1999 CPEO Brownfields List Archive

From: "Bruce Klafter" <bklafter@orrick.com>
Date: Thu, 6 May 1999 13:03:35 -0700 (PDT)
Reply: cpeo-brownfields
Subject: RE: Definition, VCPs, and Brownfields

I've found this discussion regarding definitions to be rather interesting,
but rather confusing as well.  For me, the overarching point is that
"brownfields" encompasses contaminated properties of all types where reuse
or a new use is proposed.  The property's classification is meaningful, of
course, in terms of what programs the site is eligible for (or doomed to,
depending upon your perspective).  I believe the "real world" perspective is
in accord with that view; developers, governments, community groups and
others are interested in properties generally (depending upon location,
condition, development potential, etc.), not in NPL sites, VCP sites,
petroleum sites and so on.

P.S.  Peter's analysis of the refinery site and the dry cleaner is not
entirely accurate, in my opinion.  The refinery wastes and the dry cleaner
contamination could easily be classified as hazardous waste.  "Hazardous
waste", under federal and California law, includes hazardous substances
(including petroleum hydrocarbons) which have been discarded (a broadly
defined term).  The refinery and dry cleaner clearly intended to discard the
materials (whether by design or otherwise), whether or not the practice was
legal (or at least unregulated) at the time. Without more facts, it's hard
to say which program would control the cleanup of such sites.  If
groundwater were involved, it would be the California Regional Water Quality
Control Board. Where groundwater is not involved, DTSC or a County Health

-----Original Message-----
From: Peter B. Meyer [mailto:PBMEYE02@athena.louisville.edu]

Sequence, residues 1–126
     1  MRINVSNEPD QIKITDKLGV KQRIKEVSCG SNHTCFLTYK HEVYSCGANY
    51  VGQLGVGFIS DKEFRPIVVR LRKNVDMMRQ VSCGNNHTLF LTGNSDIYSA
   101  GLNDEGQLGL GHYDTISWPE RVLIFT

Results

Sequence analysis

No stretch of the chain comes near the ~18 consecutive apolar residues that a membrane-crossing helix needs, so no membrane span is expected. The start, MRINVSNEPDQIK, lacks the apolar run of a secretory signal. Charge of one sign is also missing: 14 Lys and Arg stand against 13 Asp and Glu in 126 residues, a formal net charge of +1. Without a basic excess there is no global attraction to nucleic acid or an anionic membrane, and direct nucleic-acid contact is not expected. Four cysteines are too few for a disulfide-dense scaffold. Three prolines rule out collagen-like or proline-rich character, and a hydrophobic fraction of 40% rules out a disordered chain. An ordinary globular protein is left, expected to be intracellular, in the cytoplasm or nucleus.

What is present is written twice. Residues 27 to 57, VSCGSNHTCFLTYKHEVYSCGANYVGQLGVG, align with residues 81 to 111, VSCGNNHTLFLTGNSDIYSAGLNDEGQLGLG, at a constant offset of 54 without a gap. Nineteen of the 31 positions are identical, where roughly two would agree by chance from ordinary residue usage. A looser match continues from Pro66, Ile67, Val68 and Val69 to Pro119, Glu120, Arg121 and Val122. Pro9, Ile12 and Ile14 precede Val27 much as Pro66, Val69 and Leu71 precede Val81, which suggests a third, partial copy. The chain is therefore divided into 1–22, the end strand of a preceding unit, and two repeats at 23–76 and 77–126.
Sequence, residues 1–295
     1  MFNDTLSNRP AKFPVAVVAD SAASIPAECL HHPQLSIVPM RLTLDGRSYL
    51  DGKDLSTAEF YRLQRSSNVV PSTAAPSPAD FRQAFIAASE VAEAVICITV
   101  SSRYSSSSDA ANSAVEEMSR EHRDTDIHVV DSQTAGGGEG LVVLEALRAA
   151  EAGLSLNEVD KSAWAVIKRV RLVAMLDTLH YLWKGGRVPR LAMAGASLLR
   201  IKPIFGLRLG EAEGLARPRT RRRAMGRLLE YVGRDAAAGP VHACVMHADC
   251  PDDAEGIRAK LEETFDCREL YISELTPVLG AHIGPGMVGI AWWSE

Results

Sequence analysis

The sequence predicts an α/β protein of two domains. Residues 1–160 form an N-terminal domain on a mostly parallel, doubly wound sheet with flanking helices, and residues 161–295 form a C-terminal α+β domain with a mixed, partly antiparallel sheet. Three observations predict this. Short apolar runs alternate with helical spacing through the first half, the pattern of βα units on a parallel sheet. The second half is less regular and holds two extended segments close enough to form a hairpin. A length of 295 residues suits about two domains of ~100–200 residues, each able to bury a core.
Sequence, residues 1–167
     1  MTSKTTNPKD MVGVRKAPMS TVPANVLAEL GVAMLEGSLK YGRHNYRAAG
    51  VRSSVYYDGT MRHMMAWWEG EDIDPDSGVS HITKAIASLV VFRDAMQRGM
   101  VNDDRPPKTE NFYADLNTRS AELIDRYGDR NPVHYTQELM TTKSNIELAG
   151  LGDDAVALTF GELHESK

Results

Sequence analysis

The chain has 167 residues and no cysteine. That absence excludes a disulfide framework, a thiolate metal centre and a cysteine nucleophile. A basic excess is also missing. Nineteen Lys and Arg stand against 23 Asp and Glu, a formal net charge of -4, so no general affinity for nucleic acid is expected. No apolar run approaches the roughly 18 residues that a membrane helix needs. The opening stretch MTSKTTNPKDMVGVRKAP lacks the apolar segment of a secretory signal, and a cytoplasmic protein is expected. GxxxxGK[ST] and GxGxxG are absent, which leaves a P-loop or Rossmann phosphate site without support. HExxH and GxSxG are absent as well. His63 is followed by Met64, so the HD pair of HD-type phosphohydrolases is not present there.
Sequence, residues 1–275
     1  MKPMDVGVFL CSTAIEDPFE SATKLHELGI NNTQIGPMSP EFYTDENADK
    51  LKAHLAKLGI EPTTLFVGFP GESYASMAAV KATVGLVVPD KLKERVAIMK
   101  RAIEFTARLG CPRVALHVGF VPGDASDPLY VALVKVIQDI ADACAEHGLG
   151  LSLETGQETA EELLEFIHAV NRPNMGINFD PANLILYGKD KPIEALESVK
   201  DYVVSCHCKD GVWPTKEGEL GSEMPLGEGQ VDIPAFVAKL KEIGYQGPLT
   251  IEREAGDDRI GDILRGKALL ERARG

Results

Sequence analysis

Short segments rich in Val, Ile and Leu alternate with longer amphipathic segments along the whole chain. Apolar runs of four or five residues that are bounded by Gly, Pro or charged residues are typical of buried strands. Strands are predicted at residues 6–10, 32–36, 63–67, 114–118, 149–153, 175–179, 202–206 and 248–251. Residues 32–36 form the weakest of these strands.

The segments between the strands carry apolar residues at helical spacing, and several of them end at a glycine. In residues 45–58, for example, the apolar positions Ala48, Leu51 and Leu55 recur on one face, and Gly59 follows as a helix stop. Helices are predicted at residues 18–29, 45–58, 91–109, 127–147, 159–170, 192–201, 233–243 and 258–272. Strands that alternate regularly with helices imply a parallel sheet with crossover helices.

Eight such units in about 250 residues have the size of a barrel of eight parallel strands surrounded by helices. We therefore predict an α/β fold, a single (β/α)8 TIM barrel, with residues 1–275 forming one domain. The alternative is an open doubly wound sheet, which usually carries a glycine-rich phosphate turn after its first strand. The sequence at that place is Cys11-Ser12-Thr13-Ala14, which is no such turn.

Sent: Thursday, May 06, 1999 9:14 AM
To: cpeo-brownfields@igc.org
Subject: Re: Definition, VCPs, and Brownfields

Emery wanted me to open up the issue of "hazardous waste sites," and
Keith offered a correction I acknowledge -- and opened up with issue
Emery wanted raised.

1. Keith's note references a "contaminated former refinery site" -- and
thus gives an example of a polluted property that is not, in law, a haz
waste site -- which is typically defined in terms of INTENTIONAL
deposits of hazardous wastes. Any old dry cleaner's shop that did what
seemed to be logical at one time - throwing the used up cleaning fluids
out the back door to be absorbed into the ground - is a brownfield, but
is not a haz waste site. Yes, hazardous materials were deposited, but
they were not clearly understood to be hazardous and the disposal
practice was not regulated at the time.
     Other brownfields involve past spills of materials used in
production -- toxics that had immediate value as raw materials, not
wastes. These were not intentionally dposited either, but resulted in
contaminated properties. (Lots of writing - and the Rio Summit's Agenda
21, for that matter - makes the distinction between hazardous industrial
raw materials and hazardous wastes in terms of regulation of transport
and trans-border shipping. I find the distinction inappropriate, but
accept it in order to communicate.)

2. Keith is presumably correct about current practice in Pennsylvania.
He lives and works there. My comment was based on complaints I heard two
years ago from some PA officials about abuse of the "clean"
certification process and excessive demands for the oversight services
of the Department of Environmental Protection (at the time the services
were free; they may no longer be).  I stand corrected. Thanks, Keith,
for the update.

Peter B. Meyer
The E.P. Systems Group, Inc.
P.O. Box 2736
Louisville, KY 40201
 502/896-9448 or 502/852-8032
 Fax: 502/852-4558

  Prev by Date: Harlem Finally Rides the Economy's 'A' Train
Next by Date: Re: Brownfields & Petroleum
  Prev by Thread: Re: Definition, VCPs, and Brownfields
Next by Thread: Re: Definition, VCPs, and Brownfields -Reply

CPEO Lists
Author Index
Date Index
Thread Index